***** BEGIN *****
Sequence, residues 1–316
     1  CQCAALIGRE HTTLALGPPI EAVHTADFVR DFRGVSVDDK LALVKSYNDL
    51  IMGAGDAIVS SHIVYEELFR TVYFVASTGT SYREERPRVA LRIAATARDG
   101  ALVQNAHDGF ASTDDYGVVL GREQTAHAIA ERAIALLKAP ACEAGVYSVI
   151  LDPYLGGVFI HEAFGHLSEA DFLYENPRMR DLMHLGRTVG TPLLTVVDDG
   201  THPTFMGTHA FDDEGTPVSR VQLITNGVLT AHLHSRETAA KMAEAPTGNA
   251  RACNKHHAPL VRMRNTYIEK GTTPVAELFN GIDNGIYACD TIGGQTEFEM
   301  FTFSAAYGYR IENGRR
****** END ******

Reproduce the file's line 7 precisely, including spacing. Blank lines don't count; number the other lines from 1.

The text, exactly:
   251  RACNKHHAPL VRMRNTYIEK GTTPVAELFN GIDNGIYACD TIGGQTEFEM